The next group I talked to was a group of men led by Bella and Johnson who worked at a Barbershop. They told me they loved Goma for the sense of community and weather. They didn’t like the uncertainty around their futures, its keeping them from developing plans. They are always worried that a big eruption will happen soon. They also bought a simple solar system to be able to be able to start their barbershop. They bought a 100-watt solar antenna and 200-amp battery and over time they have added 5 more batteries over time. This set up powers their barbershop all day long and they also help the community by charging their batteries for them, many for free as they are friends but some people they charge 500 francs for a small battery and 1500 francs for a large battery charge.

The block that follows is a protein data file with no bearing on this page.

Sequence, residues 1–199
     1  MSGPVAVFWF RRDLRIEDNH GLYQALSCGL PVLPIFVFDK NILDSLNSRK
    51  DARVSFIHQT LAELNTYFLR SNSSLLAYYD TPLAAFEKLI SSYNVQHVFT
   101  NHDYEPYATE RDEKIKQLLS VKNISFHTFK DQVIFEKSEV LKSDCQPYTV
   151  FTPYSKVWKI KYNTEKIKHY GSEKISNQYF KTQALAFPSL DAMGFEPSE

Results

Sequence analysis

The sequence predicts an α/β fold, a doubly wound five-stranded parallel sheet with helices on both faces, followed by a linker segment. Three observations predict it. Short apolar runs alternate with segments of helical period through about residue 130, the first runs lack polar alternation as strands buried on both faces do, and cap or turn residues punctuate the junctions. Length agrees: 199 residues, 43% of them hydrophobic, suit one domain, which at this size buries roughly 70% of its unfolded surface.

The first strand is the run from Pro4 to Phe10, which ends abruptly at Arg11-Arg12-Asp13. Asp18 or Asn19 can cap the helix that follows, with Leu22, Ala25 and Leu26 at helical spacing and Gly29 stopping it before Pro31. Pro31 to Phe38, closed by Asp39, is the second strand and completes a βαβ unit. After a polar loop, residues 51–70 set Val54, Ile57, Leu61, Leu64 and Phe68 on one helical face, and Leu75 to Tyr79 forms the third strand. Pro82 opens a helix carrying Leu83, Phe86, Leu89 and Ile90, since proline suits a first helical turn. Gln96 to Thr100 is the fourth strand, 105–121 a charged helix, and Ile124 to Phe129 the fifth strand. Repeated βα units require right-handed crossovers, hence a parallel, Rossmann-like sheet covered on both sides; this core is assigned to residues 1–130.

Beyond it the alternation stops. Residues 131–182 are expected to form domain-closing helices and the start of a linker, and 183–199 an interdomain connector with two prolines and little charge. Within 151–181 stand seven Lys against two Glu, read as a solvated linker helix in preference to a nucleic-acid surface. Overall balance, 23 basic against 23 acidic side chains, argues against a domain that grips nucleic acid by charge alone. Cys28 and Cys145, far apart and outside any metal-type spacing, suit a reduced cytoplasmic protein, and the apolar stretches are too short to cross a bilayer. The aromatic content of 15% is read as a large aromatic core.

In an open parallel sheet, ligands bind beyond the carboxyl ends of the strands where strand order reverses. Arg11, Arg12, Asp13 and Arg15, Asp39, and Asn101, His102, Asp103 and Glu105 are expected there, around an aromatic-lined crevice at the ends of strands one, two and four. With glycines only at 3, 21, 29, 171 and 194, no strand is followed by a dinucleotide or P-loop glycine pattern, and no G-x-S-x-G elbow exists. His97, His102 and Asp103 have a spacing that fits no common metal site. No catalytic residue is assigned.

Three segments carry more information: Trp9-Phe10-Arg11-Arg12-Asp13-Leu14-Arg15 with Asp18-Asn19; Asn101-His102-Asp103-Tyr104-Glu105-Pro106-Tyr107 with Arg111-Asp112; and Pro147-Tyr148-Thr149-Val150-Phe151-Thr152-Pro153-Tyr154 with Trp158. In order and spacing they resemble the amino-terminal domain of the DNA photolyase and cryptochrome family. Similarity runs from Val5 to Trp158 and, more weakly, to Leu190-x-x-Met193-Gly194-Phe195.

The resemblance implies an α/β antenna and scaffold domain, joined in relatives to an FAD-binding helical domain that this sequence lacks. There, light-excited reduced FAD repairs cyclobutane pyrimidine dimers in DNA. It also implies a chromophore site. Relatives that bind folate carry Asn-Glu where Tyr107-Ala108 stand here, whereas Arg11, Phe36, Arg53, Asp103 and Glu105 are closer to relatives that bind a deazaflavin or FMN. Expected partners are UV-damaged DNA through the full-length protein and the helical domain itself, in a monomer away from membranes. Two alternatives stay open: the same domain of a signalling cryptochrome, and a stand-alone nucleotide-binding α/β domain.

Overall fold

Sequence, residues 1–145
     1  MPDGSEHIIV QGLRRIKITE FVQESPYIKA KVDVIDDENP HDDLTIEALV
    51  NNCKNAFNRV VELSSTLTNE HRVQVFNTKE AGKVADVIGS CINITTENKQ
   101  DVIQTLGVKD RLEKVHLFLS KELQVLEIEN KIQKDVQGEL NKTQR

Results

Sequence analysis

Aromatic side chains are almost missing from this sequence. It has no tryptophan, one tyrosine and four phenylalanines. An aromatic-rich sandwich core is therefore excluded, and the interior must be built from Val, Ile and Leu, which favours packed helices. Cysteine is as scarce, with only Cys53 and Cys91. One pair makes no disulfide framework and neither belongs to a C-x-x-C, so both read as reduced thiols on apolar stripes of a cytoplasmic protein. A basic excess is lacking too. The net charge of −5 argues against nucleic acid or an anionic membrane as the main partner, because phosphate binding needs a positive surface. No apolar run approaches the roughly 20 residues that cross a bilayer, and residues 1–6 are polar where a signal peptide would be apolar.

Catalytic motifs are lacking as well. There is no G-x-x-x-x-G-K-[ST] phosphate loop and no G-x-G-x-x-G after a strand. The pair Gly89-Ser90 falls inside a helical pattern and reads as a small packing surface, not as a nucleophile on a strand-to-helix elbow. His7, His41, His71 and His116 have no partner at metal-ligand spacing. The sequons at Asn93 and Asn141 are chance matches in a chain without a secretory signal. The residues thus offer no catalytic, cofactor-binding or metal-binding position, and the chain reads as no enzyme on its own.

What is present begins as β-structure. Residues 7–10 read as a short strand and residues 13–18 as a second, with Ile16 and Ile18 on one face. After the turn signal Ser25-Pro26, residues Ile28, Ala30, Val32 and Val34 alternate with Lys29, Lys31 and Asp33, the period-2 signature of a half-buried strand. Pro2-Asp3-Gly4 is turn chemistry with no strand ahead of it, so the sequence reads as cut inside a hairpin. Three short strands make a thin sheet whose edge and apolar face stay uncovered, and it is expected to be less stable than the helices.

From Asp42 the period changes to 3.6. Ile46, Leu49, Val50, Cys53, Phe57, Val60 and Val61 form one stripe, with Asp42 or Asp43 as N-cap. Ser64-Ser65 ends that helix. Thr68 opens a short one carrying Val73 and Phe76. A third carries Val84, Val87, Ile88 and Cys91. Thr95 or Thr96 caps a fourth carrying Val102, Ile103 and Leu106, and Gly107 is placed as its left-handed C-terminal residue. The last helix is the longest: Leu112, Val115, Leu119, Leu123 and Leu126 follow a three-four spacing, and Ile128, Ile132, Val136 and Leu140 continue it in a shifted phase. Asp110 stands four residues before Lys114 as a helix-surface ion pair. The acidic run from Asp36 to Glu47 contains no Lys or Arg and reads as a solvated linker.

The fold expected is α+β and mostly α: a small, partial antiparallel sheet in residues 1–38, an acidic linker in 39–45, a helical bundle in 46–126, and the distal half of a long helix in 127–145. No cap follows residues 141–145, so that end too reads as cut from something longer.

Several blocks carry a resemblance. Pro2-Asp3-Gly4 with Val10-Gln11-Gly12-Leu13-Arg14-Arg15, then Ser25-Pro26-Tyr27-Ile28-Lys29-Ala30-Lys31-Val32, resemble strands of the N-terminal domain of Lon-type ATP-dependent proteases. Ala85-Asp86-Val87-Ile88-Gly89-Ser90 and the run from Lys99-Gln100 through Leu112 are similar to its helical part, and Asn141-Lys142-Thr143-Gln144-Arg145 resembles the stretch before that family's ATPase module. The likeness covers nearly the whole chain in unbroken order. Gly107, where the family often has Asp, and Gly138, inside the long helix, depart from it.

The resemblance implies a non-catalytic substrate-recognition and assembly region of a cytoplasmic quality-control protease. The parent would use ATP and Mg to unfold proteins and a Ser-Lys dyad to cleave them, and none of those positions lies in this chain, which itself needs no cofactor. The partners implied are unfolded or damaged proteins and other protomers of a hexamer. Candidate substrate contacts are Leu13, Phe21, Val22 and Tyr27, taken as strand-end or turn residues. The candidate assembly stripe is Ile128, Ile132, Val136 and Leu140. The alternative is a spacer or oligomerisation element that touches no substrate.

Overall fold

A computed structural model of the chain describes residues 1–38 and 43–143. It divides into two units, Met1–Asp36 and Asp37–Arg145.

They went on to talk about how badly they need water and how many times companies have come in to give them clean water and set up systems but the systems stopped working and there is no one to do maintenance and repair so how can they get those repaired? It’s a good question. As it turns out there are a lot of stranded assets in Goma and Congo that need to be repaired and then maintained.When asked about micro-loans they said that wasn’t possible, because no one has a steady job so instead of offering micro-loans from NGO’s the NGOs should create jobs. This lead to a discussion about co-ops that have been set up by NGOs and the same thing, the co-ops didn’t work because there is no accountability or allegiance to the co-op so it quickly fell apart.This conversation all led back to the same ideas about how the NGOs should focus on creating jobs, creating inexpensive electricity and water. Jobs are #1, they want help creating regular day to day jobs, then then can get water, electric and healthcare. Brian
We make a living by what we get, but we make a life by what we give.
Life is a gift. Living is a choice.